5) Validate my frustration. At its best working on campaigns can be absolutely exhilarating. At it's worst it can feel like having your soul slowly chipped away by an ice pick. You know what else is a lot like that? Being a woman. This work is hard. Life is hard. Being a woman is hard, especially in this industry, and especially now. I can't tell you how much means to me when I tell a male colleague a story like the ones above and they respond, without me have to prompt them, "that's not okay." By contrast of course, when male colleagues bend over backwards to deny the gendered aspects of an unpleasant work situation, it only compounds my frustration. There are a thousand little slights (some might call them "microaggressions") that come part and parcel with being a woman in a professional position of power and when we recognize them and call them out, that load gets a little lighter.

6) Understand that I'm doing this backwards in heels. The corollary to point 5 is that I'm asking you not to express your disappointment or displeasure with me when I don't handle an unfair situation the way you would or think that I should have. Please understand I've been socialized to be sensitive to the reactions my actions provoke and that those reactions are often different because I'm a woman. Where you might demand to be included in a meeting and be seen as sticking up for your candidate, I'm seen as egotistic and not being a team player. Where you might flat out reject someone's idea and be seen as decisive, I'm being a bitch. Speaking of socialization, the quiet but constant self-doubt I suffer as I struggle to balance when to push back against these norms versus when to suck it up for the sake of efficiency (even if that "efficiency" means placating egos for an extra 10 minutes in a situation where a man wouldn't have to) and the guilt and impotence I feel regardless of which path I choose is quite enough to drag me down all on their own.. Though your disappointment may be well-intentioned, please give me the benefit of the doubt that I thought of that, and keep it to yourself.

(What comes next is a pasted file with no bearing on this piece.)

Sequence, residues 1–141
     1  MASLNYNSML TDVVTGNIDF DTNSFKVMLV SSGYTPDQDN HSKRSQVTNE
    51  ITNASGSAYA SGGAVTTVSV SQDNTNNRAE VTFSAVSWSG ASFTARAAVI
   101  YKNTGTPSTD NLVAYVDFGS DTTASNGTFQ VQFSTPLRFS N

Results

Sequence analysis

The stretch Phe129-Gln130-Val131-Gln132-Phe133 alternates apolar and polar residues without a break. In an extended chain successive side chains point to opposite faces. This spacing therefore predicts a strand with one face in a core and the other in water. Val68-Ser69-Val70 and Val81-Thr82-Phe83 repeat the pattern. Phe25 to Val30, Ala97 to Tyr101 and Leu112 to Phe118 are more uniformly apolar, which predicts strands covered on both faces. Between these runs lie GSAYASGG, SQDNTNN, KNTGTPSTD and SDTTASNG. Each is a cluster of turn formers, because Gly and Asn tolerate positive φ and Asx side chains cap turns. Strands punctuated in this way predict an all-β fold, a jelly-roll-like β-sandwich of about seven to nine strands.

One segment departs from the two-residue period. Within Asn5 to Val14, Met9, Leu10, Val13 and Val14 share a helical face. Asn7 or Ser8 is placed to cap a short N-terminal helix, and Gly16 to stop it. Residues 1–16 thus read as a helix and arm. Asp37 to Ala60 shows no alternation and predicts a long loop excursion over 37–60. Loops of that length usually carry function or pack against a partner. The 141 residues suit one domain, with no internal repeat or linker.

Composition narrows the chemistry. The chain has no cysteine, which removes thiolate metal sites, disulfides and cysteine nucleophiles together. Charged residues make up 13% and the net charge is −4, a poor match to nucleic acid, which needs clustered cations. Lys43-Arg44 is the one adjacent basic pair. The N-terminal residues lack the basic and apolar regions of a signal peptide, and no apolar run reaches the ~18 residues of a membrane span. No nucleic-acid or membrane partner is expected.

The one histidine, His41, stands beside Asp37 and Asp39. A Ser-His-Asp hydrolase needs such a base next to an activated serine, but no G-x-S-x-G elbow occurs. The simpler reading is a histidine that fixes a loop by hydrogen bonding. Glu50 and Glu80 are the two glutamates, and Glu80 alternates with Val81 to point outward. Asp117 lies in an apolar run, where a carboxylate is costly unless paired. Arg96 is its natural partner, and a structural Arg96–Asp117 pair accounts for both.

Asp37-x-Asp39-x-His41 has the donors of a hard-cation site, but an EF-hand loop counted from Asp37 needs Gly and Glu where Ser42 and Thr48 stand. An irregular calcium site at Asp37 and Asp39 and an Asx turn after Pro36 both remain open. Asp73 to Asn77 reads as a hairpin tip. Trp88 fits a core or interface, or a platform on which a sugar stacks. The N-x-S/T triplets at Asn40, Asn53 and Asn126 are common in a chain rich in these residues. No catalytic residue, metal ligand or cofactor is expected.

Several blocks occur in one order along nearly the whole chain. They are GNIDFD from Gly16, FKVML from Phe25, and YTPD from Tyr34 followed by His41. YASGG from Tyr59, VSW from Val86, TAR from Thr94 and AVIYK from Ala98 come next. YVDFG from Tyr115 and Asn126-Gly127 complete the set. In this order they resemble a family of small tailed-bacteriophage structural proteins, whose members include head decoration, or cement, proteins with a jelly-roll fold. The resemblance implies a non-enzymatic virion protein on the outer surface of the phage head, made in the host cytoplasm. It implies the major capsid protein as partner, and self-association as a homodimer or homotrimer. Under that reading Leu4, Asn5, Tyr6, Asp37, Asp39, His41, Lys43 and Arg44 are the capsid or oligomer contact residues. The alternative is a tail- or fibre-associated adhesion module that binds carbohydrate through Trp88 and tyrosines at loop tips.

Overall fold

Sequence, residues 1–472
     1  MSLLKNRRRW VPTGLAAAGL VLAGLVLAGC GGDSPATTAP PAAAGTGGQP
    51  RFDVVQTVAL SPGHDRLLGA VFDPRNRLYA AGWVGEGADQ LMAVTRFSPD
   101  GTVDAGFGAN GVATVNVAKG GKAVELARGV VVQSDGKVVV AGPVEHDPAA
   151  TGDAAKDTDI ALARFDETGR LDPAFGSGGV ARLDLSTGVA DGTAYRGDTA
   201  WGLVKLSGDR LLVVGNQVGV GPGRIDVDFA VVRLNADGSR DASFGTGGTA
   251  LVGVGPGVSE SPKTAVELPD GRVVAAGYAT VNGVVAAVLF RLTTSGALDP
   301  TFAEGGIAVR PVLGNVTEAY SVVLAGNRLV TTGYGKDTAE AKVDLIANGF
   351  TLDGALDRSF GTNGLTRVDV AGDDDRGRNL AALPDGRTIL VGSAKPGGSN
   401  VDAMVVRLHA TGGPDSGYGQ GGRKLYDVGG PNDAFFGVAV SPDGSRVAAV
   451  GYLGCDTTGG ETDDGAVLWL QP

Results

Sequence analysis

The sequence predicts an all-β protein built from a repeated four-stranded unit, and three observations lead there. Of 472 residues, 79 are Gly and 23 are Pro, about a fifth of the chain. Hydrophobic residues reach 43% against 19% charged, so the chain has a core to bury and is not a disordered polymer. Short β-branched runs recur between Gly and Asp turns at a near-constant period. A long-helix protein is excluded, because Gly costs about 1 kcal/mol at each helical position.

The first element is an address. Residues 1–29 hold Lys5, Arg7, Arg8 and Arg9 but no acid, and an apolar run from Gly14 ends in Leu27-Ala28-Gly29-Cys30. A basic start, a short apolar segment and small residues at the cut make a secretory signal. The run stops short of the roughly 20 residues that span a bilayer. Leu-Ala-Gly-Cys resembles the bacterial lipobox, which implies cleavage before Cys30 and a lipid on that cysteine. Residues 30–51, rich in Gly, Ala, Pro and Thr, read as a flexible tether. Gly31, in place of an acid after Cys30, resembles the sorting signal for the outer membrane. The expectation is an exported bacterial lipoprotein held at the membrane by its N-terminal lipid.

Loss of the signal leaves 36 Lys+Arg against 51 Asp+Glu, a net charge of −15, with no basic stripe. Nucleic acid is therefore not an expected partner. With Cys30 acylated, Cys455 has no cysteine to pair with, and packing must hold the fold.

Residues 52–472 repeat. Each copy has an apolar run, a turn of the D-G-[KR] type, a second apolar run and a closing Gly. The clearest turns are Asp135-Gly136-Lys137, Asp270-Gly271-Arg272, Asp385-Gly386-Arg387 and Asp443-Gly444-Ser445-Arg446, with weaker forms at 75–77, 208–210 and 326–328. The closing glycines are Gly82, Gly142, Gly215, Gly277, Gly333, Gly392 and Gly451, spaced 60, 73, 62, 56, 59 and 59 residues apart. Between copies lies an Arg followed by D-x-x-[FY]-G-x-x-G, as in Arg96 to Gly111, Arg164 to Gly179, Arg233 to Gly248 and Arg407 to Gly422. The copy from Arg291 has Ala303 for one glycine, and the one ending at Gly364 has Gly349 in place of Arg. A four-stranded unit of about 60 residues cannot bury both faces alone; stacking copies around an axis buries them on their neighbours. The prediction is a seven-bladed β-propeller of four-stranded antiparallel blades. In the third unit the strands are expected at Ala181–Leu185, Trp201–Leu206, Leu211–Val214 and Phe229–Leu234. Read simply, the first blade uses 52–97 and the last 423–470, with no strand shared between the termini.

Writing this took it out of me but I have lot more to say on the subject. Shout out to all the badass men and women who make it a pleasure to do this job.

Campaign Love and Mine,


Sunday, June 10, 2018

California's Top Two Primary Is Bad and Should Be Abolished

I'm back, babies! Well, back because I lost a primary. But that's okay. I have actually never felt so okay after losing an election first because I am so incredibly proud of the job that we did and second because I was prepared for the possibility of going right into the general election so I'm still raring to go to take back the house and take on actual Republicans (I hate primaries.)